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HISTORY

One review referred to the title of this film as The Parisian Wife ... More Less

One review referred to the title of this film as The Parisian Wife . More Less

SOURCE CITATIONS
SOURCE
DATE
PAGE
ETR
25 Jan 19
p. 643.
MPN
8 Feb 19
p. 925.
MPW
1 Feb 19
p. 672, 677
New York Morning Telegraph
2 Feb 1919.
---
New York Times
20 Jan 19
p. 13.
Variety
24 Jan 19
p. 45.
Wid's
19 Jan 19
p. 7.
CAST
PRODUCTION CREDITS
NAME
PARENT COMPANY
PRODUCTION COMPANY
NAME
CREDITED AS
CREDIT
DIRECTOR
PRODUCER
WRITER
Scen
SOURCES
LITERARY
Based on the novel The Green Orchard by Andrew Soutar (London, 1916).
AUTHOR
DETAILS
Alternate Title:
The Parisian Wife
Release Date:
19 January 1919
Copyright Claimant:
Famous Players-Lasky Corp.
Copyright Date:
31 December 1918
Copyright Number:
LP13271
Physical Properties:
Silent
Black and White
Length(in feet):
4,823
Length(in reels):
5
Country:
United States
Passed by NBR:
No
SYNOPSIS

In Paris, American lawyer Martin Wesley meets Fauvette, a reporter, in a rainstorm. They share an umbrella, have tea, then dinner, and by eleven that night Martin proposes. After he brings his bride to live with his parents, a cold New England couple who hate anything from Paris, their disapproval gradually infects Martin. When his friend Tony Rye comes to dinner and Fauvette appears in a low-cut gown, Martin upbraids her. Their subsequent separation causes Martin to drink, while Fauvette thrives in New York as a famous author. When Martin hears this and also learns that Tony's sympathetic concern is becoming romantic, he smashes his liquor decanter and proves himself as a successful lawyer. After deciding to win Fauvette back, but then tell her to go to Tony, Martin sees her and realizes he loves her. When he pays off her money lender, Fauvette thinks he is trying to humiliate her, but soon he begs forgiveness and they start a new married ... +


In Paris, American lawyer Martin Wesley meets Fauvette, a reporter, in a rainstorm. They share an umbrella, have tea, then dinner, and by eleven that night Martin proposes. After he brings his bride to live with his parents, a cold New England couple who hate anything from Paris, their disapproval gradually infects Martin. When his friend Tony Rye comes to dinner and Fauvette appears in a low-cut gown, Martin upbraids her. Their subsequent separation causes Martin to drink, while Fauvette thrives in New York as a famous author. When Martin hears this and also learns that Tony's sympathetic concern is becoming romantic, he smashes his liquor decanter and proves himself as a successful lawyer. After deciding to win Fauvette back, but then tell her to go to Tony, Martin sees her and realizes he loves her. When he pays off her money lender, Fauvette thinks he is trying to humiliate her, but soon he begs forgiveness and they start a new married life. +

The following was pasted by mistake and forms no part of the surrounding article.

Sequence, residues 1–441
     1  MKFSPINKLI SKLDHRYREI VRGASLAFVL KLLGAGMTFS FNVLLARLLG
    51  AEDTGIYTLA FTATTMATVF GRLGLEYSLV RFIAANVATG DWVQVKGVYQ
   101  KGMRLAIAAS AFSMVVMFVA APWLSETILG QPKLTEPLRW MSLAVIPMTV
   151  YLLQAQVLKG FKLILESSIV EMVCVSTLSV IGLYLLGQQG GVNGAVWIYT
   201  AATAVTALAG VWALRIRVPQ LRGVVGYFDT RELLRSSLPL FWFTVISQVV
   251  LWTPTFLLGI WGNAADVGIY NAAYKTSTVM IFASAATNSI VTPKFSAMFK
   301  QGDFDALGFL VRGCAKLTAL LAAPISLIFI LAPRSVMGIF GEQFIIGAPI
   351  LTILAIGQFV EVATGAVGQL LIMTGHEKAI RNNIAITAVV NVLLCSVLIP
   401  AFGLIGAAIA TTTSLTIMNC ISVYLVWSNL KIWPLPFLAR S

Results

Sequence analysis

Legend
Viewed by AFI
Partially Viewed
Offscreen Credit
Name Occurs Before Title
AFI Life Achievement Award

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The American Film Institute is grateful to Sir Paul Getty KBE and the Sir Paul Getty KBE Estate for their dedication to the art of the moving image and their support for the AFI Catalog of Feature Films and without whose support AFI would not have been able to achieve this historical landmark in this epic scholarly endeavor.